Pilates should look and feel like a workout (not a therapy) when properly manifested. If practiced with consistency, Pilates improves flexibility, builds strength and develops control and endurance in the entire body. It puts emphasis on alignment, breathing, developing a strong core, and improving coordination and balance. The core, consisting of the muscles of the abdomen, low back, and hips, is often called the "powerhouse" and is thought to be the key to a person's stability. Pilates' system allows for different exercises to be modified in range of difficulty from beginner to advanced or to any other level, and also in terms of the instructor and practitioner's specific goals and/or limitations. Intensity can be increased over time as the body adapts itself to the exercises.
Pilates for beginners: Explore the core
Pilates may sound intimidating, but it's an accessible way to build strength in your core muscles for better posture, balance and flexibility.
By Mayo Clinic Staff
Pilates isn't just for fitness fanatics. It's actually an accessible way to build strength in your core muscles for better posture, balance and flexibility. If you're considering a Pilates class for beginners, here's what you need to know before you head to the gym.
What exactly is Pilates?
Pilates is a method of exercise that consists of low-impact flexibility and muscular strength and endurance movements. Pilates emphasizes proper postural alignment, core strength and muscle balance. Pilates is named for its creator, Joseph Pilates, who developed the exercises in the 1920s.
A Pilates routine generally includes exercises that promote core strength and stability, muscle control, and endurance, including exercises that stress proper posture and movement patterns and balanced flexibility and strength. It can also be helpful in training for sports or in physical rehabilitation.
Can beginners do Pilates?
It's a common misconception that Pilates is only for serious athletes or professional dancers. While these groups first adopted Pilates, they aren't the only ones who can benefit from this approach to strength training.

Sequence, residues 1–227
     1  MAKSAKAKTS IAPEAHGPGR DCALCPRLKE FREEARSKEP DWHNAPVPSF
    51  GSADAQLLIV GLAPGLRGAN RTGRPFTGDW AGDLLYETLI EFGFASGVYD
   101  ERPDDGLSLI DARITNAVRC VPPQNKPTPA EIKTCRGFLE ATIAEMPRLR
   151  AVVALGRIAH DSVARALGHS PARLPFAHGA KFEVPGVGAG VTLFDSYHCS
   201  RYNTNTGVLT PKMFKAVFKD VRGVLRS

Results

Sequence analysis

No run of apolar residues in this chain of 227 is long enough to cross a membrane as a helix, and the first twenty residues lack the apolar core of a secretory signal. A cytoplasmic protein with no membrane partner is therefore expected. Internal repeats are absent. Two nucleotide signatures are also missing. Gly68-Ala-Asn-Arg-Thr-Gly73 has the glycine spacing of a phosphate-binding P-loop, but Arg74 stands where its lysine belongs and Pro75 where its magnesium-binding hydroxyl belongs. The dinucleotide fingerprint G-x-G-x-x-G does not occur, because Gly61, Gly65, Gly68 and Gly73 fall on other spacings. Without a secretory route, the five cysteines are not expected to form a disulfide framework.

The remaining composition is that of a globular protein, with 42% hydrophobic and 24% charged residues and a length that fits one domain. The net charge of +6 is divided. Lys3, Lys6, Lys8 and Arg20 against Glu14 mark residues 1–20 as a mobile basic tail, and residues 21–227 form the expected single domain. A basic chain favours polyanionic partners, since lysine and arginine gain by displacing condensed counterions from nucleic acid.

Another common misperception is that Pilates requires specialized equipment. Maybe you've seen a Pilates apparatus — called a Reformer — that looks like a bed frame with a sliding carriage and adjustable springs, or perhaps you've seen a type of trapeze table. But don't let those machines intimidate you.
The reality is that many Pilates exercises can be done on the floor with just a mat.
What are the benefits of Pilates?
By practicing Pilates regularly, you can achieve a number of health benefits, including:
Improved core strength and stability
Improved posture and balance
Prevention and treatment of back pain
Is Pilates for everyone?
If you're older, haven't exercised for some time or have health problems, it's a good idea to check with your doctor before starting any new exercise program. Pilates is no exception. Similarly, women who are pregnant should check with their health care providers before starting Pilates or other exercise programs.
Pilates can be adapted to provide a gentle strength training and stability program, or it can be modified to give a seasoned athlete a challenging workout. If you're just starting out, it's a good idea to go slow at first and gradually increase the intensity of your workout.
Let your instructor know if you have any conditions or previous injuries so he or she can assist you in modifying movements.
Because it's essential to maintain the correct form to get the most benefit — and to avoid injuries — beginners should start out under the supervision of an experienced Pilates instructor.
The TRX System, also known as Total Resistance Exercises, refers to a specialized form of suspension training that utilizes equipment developed by former U.S. Navy SEAL Randy Hetrick. TRX is a form of suspension training that uses body weight exercises to develop strength, balance, flexibility and core stability simultaneously. It requires the use of the TRX Suspension Trainer, a performance training tool that leverages gravity and the user’s body weight to complete the exercises. TRX's designers claim that it draws on research from the military, pro sports, and academic institutions along with experience gathered from the TRX team, who work "with thousands of athletes, coaches, trainers, first responders, subject matter experts, professors, and service members in all branches.
Supporters of TRX Training claim that it can improve mobility and stability, increase metabolic results, build lean muscle, and develop functional strength. Other advocates of the system say that you can't help but use your core for stabilization.